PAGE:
This is the third and final article in this series on ‘Making Event Data Human Centric’. In Part 1, we looked at the bigger picture around data generation, collection, and analysis. We recognized that there are real people behind the numbers and that it’s important to make the data relevant in the context of their emotions and requirements. In Part 2, we learned some practical techniques for approaching data so as not to lose sight of this bigger picture.
Today, we’ll look at some techniques for analyzing your event’s micro-data to identify the emerging trends triggered by your audience’s in-the-moment decisions and actions.
Most Engaged Attendees
Start by identifying the most engaged members of your audience and periodically review their activity. This ‘engaged audience’ could be attendees who log in at least X number of times to the event website in a given period and/or who contact you multiple times with questions and/or fill in an optional data collection form during registration.
Your criteria for defining your ‘engaged attendee’ would probably be specific to your event and may also vary from year to year, but once you have identified the individuals, then systematically analyze their actions to identify answers to the following questions:
- Is there a common interest in a particular exhibitor category or product type or session track?
- What triggered that interest? Something in their demographical background or an established convention in your industry or an emerging shift in requirements?
The idea here is, of course, to utilize freshly generated data to understand who your engaged audiences are and what is motivating them currently. The insights you derive from this analysis is bound to give you great insights into how to better promote existing features your attendees are looking for. In the long term, this analysis can also help you grow your event by proactively incorporating emerging factors just as they begin to motivate and mobilize your most engaged attendees.
New Exhibitors and Nascent Categories
For most tradeshows and exhibitions, the biggest draw for attendees is the companies that are coming to showcase their products and services. However, for events to stay relevant to changing shifts and patterns in a given vertical, they need to attract not just the established brands but also the innovators who will be the next top sellers. With this in mind, it makes complete sense to analyze your first-time exhibitors and explore:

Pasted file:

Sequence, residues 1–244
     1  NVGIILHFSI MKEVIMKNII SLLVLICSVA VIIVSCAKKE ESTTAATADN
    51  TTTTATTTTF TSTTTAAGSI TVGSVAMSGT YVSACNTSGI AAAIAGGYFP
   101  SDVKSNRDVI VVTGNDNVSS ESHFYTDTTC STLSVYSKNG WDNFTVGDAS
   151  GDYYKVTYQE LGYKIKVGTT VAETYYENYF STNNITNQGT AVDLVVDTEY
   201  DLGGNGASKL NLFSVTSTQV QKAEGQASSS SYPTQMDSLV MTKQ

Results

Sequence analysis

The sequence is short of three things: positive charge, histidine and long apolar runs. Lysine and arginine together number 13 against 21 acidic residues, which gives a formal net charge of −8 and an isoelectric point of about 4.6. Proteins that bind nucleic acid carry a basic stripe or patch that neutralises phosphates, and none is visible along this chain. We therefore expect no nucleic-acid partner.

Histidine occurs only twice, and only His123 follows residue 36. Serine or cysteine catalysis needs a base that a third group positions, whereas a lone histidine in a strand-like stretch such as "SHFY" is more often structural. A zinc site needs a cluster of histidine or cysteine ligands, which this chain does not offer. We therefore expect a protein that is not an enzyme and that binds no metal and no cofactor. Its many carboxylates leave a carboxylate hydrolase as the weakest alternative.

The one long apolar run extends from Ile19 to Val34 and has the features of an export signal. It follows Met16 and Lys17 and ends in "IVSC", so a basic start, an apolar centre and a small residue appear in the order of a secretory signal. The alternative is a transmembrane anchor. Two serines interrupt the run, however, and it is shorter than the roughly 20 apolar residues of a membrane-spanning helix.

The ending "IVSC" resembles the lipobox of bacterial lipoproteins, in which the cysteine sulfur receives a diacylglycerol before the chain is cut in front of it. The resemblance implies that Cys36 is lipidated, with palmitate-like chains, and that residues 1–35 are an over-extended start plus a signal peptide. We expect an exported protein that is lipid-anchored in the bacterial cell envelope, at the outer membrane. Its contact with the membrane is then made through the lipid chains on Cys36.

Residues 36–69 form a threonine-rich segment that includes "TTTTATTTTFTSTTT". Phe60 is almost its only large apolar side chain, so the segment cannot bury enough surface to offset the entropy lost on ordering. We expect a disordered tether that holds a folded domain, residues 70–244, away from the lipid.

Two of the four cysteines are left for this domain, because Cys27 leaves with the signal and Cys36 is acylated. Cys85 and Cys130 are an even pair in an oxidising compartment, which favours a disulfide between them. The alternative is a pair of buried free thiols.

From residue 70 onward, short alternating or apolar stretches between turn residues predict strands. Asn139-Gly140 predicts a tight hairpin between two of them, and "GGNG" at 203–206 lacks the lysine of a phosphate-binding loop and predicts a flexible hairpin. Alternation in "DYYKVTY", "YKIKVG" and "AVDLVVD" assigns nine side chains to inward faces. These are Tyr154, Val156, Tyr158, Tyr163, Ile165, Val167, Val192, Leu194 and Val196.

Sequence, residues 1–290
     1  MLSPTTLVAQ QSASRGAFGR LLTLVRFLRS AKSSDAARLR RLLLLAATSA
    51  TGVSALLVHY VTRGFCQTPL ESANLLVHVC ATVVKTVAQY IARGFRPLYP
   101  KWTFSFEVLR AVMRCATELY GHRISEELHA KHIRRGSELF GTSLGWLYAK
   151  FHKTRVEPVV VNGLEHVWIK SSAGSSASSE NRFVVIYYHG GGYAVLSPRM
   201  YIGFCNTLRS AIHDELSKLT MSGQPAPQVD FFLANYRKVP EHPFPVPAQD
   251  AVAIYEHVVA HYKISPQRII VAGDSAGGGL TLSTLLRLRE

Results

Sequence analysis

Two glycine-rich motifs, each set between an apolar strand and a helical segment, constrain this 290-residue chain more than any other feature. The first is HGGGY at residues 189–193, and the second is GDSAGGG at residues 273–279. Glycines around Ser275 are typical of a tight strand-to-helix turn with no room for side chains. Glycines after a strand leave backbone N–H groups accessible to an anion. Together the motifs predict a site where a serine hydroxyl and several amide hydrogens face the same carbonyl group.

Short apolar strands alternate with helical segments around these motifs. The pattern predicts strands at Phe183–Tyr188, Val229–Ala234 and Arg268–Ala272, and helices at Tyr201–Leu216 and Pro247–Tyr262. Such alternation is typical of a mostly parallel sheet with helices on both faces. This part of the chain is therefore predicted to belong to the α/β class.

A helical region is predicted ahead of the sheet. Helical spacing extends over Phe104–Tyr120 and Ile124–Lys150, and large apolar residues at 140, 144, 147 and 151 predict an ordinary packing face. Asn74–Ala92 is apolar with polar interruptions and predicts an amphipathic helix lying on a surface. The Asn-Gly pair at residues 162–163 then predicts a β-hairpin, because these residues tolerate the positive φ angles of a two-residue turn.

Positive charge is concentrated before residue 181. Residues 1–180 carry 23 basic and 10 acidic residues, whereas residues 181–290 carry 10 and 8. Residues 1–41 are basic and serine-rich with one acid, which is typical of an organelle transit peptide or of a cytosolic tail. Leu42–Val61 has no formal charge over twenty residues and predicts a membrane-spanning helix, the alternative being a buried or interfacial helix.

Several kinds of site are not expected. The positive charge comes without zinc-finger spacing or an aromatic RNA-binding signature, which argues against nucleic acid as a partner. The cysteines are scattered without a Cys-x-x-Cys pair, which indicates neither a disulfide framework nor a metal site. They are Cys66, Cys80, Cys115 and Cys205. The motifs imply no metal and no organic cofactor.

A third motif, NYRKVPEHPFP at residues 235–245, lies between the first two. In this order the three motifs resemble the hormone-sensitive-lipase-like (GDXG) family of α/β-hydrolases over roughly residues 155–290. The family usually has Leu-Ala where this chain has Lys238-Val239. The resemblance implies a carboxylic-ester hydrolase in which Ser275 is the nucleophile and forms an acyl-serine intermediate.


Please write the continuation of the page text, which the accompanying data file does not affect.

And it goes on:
- Which categories are they exhibiting in? Are these established categories or recently introduced ones?
- What percentage of your overall online and onsite traffic are they drawing?
Identifying the unique characteristics of your new exhibitors and how they are engaging your audience will probably give you your fastest barometer for identifying the direction your industry is taking and how best to adapt so as to continue to stay relevant to your audience.
Most well-established events are cyclical in nature. Over a period of time, your team gets very familiar with the rhythm in your industry and aligns your program to be in tune with it. However, the ubiquitous availability of faster digital technology means that people are able to get much more done in much shorter time periods today than ever before. This means that unless you keep a close eye on how their interaction with your digital resources is evolving. Use the power of analytics to get an accurate view of your audience’s engagement to identify:
- Which activities are currently occupying them?
- How much time are they taking to complete these currently trending activities?
- What devices and platforms are they utilizing for these activities?
Tuning into trending activities gives you an acute insight into the shifting engagement patterns amongst your attendees and exhibitors. You may find that they are completing a designated process much sooner than in the past and that there is an opportunity to get additional engagement for a new feature. Or that you can expand your services to a wider base of audience. Again, the nature of inferences and next steps would probably be specific to your industry. Understanding the trending activities better will help you stay in charge by anticipating questions and requirements faster, and by adjusting your key milestones in the next cycle to match your audience’s new expectations.